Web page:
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© 2004. Peggie Arvidson-Dailey
Running a business is easy compared to the act of selling. As a small business owner you started your business to deliver a superior product or service, not to become a salesperson. None-the-less you must master basic sales skills or risk losing your business due to lack of clients! Here are 1o tips to help you turn those inquiries into sales.
1. Define the benefits to the customer. You’ve found their pain, now you need to come up with a cure by answering their question, “What’s in it For ME?” For instance, if you are pet-care provider you “make it possible for a couple to enjoy their honeymoon in Hawaii without feeling guilty about leaving their pet.”
2. Qualify before you present. Okay, you know their pain and can cure it. You now need to know if the person on the other end of the phone or e-mail query is likely to buy from you. Take time up front to ensure this a good prospect for you. When you qualify your prospect you want to know:
a. Is this person the decision maker?
b. Does this person have a real need for what I’m selling?
c. Does this person have the budget necessary to pay for my product or service?
d. When does this person wish to start using my product or service?
3. Only sell to the decision maker. No matter how well your product or service solves a client’s problem, and no matter how wonderfully you articulate that benefit – if you are selling to someone who doesn’t have the authority to purchase your product or service, you’ve wasted your time.
4. It’s about the relationship! Every interaction you have with the potential client either builds or destroys their trust in you. As Henry Ward Beecher said, “Hold yourself responsible for a higher standard than anybody else expects of you. Never excuse yourself.” This a great mantra for anyone involved in the sales cycle. Trust takes a long time to build and it’s very easy to destroy. Make sure every part of your relationship with the prospect is held to your highest standard.
5. Preparation, preparation, preparation. Do you know what you want the customer do at every step of the process? Set goals for each step of your sales process, as well as overall sales goals for the month, quarter and year. Create an outline and script to get you from an inquiry to a sale. Tweak your outlines and scripts to fit each individual customer. One size does not fit all.
6. Questions and objections are a natural part of the sales process. During your preparation compile a list of every possible question and objection that you might hear. Now spend some time creating a list of responses. Your responses should lead back to questions eliciting more information about your customer’s pain.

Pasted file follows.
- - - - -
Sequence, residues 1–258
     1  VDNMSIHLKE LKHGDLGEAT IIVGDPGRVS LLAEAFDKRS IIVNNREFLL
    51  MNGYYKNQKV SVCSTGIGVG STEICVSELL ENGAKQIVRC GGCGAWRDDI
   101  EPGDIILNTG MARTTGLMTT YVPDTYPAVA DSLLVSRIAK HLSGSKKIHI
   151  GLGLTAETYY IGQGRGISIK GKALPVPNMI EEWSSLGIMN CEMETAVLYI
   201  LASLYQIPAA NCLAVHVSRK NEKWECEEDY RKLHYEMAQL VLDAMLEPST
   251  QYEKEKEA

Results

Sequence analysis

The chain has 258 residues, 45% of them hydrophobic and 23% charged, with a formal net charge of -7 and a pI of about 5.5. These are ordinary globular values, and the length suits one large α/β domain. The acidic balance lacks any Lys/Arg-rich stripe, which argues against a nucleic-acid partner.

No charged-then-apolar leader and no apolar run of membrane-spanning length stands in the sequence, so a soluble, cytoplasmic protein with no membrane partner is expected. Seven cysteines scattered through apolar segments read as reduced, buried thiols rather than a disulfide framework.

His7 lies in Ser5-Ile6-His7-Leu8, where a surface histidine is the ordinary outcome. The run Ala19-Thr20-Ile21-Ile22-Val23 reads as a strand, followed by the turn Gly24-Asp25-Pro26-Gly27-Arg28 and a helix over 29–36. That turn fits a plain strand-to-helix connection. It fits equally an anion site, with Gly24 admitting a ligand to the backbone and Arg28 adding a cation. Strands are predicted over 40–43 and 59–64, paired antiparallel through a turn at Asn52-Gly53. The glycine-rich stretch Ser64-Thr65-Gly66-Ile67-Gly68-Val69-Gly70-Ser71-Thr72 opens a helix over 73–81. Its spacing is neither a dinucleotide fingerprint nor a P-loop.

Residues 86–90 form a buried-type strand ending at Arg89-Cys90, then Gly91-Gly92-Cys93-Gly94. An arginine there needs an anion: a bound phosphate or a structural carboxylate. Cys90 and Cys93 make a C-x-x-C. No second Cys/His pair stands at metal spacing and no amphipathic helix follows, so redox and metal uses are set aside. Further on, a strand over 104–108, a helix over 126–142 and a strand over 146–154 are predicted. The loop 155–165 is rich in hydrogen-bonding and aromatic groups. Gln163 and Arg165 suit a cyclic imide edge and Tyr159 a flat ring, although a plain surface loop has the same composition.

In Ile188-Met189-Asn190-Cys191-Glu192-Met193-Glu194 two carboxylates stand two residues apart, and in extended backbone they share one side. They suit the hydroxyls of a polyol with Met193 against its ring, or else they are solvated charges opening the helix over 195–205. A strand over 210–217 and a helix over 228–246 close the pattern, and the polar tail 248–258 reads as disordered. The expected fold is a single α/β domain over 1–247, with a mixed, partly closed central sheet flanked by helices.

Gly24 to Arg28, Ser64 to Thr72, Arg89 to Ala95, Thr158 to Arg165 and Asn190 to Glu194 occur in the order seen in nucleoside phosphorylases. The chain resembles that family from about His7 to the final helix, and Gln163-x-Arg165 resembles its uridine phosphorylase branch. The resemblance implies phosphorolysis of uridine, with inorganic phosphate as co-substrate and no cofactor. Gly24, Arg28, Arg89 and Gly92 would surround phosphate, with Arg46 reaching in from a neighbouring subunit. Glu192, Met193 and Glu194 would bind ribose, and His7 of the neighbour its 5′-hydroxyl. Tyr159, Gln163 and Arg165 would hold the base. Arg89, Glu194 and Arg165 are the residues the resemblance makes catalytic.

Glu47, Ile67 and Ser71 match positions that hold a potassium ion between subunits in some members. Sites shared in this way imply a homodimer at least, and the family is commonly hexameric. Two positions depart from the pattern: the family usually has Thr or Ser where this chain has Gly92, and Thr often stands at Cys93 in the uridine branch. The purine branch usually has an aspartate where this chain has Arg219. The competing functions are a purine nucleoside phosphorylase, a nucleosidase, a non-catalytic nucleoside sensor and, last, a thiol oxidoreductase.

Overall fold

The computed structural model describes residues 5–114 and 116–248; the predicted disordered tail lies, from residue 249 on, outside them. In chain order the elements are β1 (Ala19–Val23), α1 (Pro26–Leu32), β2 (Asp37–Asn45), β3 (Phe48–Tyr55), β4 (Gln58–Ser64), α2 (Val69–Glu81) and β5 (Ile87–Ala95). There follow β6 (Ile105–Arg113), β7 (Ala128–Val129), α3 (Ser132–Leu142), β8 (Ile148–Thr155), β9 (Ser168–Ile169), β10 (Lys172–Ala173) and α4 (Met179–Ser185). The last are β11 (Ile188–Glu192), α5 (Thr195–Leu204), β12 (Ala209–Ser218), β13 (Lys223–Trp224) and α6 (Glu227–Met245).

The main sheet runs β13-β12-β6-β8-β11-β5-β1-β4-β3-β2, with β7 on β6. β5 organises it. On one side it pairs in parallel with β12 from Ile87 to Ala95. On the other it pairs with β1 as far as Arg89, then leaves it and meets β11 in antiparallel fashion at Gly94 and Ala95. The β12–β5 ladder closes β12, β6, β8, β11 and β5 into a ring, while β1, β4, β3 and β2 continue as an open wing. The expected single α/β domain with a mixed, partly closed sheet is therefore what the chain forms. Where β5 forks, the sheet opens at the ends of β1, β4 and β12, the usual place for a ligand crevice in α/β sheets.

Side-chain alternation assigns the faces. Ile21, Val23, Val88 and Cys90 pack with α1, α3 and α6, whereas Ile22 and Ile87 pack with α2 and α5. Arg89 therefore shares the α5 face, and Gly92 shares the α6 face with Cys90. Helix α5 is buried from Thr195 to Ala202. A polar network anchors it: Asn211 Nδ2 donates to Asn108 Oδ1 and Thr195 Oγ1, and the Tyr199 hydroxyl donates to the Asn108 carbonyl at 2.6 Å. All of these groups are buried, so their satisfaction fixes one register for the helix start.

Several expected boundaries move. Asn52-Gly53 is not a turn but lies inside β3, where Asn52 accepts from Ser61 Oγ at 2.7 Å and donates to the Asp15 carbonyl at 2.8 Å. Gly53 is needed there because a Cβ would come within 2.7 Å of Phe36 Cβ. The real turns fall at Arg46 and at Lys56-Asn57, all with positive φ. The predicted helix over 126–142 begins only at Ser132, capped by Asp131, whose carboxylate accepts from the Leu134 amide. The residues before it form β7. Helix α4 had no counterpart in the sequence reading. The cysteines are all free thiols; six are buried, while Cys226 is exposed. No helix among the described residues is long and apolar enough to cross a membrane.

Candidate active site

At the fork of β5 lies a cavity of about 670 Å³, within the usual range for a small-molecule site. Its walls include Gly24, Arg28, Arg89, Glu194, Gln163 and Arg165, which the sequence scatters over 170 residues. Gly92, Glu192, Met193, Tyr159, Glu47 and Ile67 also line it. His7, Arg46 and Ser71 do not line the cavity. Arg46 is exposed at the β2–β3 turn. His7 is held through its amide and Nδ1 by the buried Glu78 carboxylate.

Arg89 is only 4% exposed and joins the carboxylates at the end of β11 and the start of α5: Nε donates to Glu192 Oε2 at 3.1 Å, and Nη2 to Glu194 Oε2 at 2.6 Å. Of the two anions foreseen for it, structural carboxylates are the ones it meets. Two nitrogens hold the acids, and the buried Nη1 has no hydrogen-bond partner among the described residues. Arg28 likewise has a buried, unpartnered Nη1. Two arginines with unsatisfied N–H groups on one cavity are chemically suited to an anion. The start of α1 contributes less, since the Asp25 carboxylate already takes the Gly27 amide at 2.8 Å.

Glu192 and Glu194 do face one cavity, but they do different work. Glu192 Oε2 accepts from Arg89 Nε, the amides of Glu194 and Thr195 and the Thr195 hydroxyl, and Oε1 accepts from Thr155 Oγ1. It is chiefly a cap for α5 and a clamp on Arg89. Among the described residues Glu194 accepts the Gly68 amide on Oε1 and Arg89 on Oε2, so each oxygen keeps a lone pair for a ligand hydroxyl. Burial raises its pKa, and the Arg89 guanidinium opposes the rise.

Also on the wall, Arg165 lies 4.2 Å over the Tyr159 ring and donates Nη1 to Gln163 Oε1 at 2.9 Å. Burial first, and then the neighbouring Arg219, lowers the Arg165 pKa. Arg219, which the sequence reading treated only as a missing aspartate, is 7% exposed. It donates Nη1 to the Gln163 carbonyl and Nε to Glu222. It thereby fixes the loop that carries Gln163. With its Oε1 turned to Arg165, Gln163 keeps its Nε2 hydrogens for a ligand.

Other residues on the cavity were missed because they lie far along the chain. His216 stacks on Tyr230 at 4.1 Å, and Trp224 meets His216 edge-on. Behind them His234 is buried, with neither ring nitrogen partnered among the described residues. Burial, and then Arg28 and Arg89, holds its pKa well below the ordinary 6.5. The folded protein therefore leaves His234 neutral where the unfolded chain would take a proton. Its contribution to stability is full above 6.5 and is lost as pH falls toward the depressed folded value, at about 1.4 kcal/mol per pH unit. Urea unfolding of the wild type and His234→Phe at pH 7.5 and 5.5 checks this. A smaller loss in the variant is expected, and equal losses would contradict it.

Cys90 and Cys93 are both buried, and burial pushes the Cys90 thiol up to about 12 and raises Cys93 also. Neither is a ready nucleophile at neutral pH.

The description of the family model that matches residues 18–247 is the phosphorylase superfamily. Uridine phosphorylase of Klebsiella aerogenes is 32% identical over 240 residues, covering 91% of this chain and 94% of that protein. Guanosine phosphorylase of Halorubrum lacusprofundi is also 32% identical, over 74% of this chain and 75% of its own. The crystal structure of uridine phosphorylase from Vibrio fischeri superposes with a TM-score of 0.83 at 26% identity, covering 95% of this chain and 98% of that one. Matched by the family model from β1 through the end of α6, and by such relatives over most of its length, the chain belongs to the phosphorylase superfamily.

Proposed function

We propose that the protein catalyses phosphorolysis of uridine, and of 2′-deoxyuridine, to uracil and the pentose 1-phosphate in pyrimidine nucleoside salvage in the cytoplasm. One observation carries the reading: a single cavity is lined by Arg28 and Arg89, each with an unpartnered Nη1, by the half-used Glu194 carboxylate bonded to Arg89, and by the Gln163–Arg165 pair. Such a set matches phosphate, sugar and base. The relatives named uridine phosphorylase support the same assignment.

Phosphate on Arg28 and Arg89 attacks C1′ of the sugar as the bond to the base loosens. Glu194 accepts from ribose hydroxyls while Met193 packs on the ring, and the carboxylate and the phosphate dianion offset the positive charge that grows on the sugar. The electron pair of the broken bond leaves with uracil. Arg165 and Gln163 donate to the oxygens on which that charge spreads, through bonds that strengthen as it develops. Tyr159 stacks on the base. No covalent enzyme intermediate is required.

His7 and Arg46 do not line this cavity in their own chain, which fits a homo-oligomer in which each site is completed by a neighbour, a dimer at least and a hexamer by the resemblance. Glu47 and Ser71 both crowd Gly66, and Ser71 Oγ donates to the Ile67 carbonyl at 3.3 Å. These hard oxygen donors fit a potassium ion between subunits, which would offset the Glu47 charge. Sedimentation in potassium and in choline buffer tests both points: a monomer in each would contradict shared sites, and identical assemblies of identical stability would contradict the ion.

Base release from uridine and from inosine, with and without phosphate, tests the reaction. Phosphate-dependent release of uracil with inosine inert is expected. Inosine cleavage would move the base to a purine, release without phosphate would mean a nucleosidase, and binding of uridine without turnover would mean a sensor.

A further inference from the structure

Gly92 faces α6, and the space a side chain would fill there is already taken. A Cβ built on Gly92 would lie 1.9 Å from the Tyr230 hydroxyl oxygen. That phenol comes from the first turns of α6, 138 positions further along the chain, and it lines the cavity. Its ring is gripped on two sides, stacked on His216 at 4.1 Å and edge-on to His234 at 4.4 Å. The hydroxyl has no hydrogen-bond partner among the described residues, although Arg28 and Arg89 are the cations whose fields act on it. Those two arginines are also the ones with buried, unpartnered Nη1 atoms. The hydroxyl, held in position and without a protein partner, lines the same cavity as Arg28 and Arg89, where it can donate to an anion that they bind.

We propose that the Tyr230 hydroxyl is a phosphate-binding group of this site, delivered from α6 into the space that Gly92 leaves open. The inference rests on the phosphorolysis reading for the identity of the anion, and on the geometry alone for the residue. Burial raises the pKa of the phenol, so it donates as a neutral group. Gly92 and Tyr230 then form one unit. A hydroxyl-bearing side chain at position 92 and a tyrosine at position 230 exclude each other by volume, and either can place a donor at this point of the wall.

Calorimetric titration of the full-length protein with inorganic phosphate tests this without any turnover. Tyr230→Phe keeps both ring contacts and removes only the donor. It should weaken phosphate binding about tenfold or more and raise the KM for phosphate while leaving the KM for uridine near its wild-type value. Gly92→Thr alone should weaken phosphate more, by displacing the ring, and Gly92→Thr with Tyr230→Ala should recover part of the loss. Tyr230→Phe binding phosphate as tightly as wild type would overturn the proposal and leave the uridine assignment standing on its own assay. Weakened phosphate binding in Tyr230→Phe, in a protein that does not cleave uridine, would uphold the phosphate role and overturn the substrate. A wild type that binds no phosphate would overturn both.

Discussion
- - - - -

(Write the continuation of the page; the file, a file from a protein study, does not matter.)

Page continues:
7. The issue of price. If the first question they ask is “how much does it cost?” Don’t beat around the bush, answer their question right away with a statement like, “depending on the service plan you select our rates range from XX to XXX, I would like to spend a couple of minutes finding out specifically which plan is right for you.” If they are comfortable with your price range, they will continue the conversation. Remember, part of qualifying is determining whether your potential customer has the budget to buy from you.
BONUS TIP: By answering their question head-on you are making it clear that you are a ‘straight shooter,’ a great way to build trust!
8. Make it easy to buy from you. Has this ever happened to you? You find a great product on a website or in a store, and you are ready, willing and able to buy, only to find out a) you can’t find the “purchase now” button on the site, b) they need to find out if they still have the item, or c) the clerk is busy on the phone? Depending on your mood and free time you may wait, but more than likely you leave without your purchase. Is it infinitely easy for your customers to buy your product the first time? Make it even easier for them to make a repeat purchase!
9. Ask for Feedback. No matter how good at sales you become, you must keep your ‘edge.’ Ask questions to find out what you’re doing well, what your customers wish you did and why potential customers did not buy from you. Use what you learn in your preparation and goal setting process.
10. Have Fun. Running your own business should be fun. You’ve dedicated your career to something you love. Let your personality shine and make sure you find ways to include your customers and associates in your good time!
The Sales process does not have to be a dreaded part of running your business. It’s the best way to watch your revenue grow. Evaluate your current process and implement any of the missing tips to watch your sales success grow.
Peggie Arvidson-Dailey is the founder of Pet Care Business University and the Pet-Care Business Success System™. She is the author of several articles on small business success and has been a radio guest on the topic of Customer Satisfaction. As a trainer and coach she has helped people across the country create and build the pet-care business of their dreams. Visit http://www.peggiespets.com for more information.
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